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January 09, 2006

Nothing But Questions Emerging from Turkey

The news out of Turkey is discomforting. What's most troubling is that it is different from anything we've seen since we first started H5N1Drome back in the summer when it became clear to us that this major looming threat needed watching.  We are not medical experts but we do know how to gather information from around the world in a quite efficient way and how to pass that on to visitors to our site.

Over this rather brief period, much has happened in terms of raising awareness to the potential for a pandemic. Although a few wags around the mainstream media might have called the Avian Flu threat the biggest non-story of 2005, few were so dense as to think the threat was somehow little more than hype or that it had been put away.

For us, we can be thankful for the dedication of a few journalists and bloggers who have tirelessly worked on the story.  Their diligence has provided a baseline in what is an inherently a confusing story stretching across nations and continents.  One worrisome truth is that no one knows how many birds have died from this flu that is being incubated in the bird species but has crossed over to other species, including our own. More importantly, we don't know how many humans have contracted the disease nor how many of died.  For the record, the World Health Organization is keeping accurate track of proven cases.  Their latest available numbers indicate that there were 142 confirmed human cases with more than half, 74, proving fatal. It's not clear if this number counts the three deaths in Turkey and the one newly reported death in Indonesia.

What the latest news from Turkey underlines however, is that these numbers do not even represent a major percentage of cases and deaths that have been reported but not verified, something that still requires sophisticated technology missing from most of the target zones.  More significantly, we can see from the story emerging from Turkey, sickness and death can go unreported and under the radar for a number of economic and political reasons.  A Japanese scientist working for the WHO reported several months ago that he suspected that the numbers in China are significantly higher but information there was suppressed. In the case of the deaths in Van, Turkey that have burst on the scene in the last couple of days, the people involved, at least in Van are apparently members of a politically unpopular group, Turkish Kurds.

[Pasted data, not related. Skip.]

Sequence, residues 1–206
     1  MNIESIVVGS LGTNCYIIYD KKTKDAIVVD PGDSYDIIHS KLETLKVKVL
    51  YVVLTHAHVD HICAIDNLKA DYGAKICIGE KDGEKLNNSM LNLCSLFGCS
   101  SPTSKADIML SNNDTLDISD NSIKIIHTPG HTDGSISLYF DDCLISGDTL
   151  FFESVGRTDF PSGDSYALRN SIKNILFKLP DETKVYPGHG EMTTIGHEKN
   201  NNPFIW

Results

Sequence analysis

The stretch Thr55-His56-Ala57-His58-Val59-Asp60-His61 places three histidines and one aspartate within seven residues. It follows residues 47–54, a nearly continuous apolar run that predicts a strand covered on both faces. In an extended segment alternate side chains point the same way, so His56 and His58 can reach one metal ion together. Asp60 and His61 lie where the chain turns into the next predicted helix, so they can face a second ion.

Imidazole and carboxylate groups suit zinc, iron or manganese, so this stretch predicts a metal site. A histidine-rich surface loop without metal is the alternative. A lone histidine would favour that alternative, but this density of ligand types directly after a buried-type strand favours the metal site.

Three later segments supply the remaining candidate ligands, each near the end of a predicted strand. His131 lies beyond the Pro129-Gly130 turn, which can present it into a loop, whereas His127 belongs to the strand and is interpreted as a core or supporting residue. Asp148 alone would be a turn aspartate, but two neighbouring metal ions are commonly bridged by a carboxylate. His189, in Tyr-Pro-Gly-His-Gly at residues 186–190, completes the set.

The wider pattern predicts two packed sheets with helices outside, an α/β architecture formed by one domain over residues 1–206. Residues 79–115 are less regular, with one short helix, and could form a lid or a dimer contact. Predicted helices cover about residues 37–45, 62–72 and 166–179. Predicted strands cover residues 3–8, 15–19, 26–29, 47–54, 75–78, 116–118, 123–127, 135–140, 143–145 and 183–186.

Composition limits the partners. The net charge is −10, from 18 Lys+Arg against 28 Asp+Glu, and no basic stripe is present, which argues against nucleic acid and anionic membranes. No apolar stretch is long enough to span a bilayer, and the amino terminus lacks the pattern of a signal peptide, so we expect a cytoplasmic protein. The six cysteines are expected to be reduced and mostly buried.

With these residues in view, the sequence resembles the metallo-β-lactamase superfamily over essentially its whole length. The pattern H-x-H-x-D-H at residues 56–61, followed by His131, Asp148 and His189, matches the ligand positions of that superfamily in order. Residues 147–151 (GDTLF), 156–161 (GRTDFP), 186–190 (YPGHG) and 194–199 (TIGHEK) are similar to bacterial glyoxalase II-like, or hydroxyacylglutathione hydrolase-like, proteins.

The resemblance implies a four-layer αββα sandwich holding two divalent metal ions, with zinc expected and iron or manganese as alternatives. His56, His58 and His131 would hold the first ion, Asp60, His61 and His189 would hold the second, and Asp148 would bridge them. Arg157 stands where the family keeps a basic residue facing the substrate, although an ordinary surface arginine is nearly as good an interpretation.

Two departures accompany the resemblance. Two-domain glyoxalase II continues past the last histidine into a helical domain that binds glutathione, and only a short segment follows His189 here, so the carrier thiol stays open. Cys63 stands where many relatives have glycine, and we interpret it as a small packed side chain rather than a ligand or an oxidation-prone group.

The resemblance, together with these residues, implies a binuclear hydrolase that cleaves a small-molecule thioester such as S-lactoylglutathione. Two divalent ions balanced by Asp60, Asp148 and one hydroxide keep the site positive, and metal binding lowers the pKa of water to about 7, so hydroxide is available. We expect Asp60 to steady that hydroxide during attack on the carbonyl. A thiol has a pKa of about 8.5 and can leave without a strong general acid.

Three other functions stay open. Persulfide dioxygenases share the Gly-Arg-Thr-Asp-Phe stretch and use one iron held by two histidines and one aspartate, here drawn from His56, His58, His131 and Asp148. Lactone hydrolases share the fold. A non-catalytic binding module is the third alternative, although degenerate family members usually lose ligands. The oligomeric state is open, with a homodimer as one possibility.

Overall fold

What is most strange about the Turkish outbreak of human cases, Reuters is now reporting 14 confirmed, is that there has been almost no news of sick birds in the stricken region in an eastern corner of Turkey near the Armenian and Iran borders. In Asia, the ratio of stricken and destroyed fowl to human cases has clearly been in the thousand to one range.  Here, we are suddenly --and it must be noted at a very early stage-- facing 14 confirmed cases, or 10% of all human cases confirmed to date. We find that highly problematic.

So far, WHO is reporting that the virus has not changed in any significant way and that all the human cases are B2H, or bird to human, if we can borrow the shorthand of our colleague to the North, Crof. But this is early on.  We are used to seeing reported cases long before we seen confirmed cases and we know that there are a number of people in hospital in Turkey, as far west as Ankara, who have come down with the symptoms of Avian Flu.

We've been told that as long as the virus doesn't mutate, it will not be lethal enough to pass easily from H2H. We have also seen lab tests confirm, disconfirm and then reconfirm findings.  Can we be sure the virus has not recombined in some very subtle but lethal way? How can we know that all of these people have come in contract with infected birds?  Is it possible that many Asians have developed some immunity to the virus that others have not? As of last week, we didn't even know there were many infected birds in Turkey. It just hadn't been reported.

This is a story that bears close watching.  You can be sure that we will be staying on top of it.

Posted by dymaxion at January 9, 2006 05:20 PM

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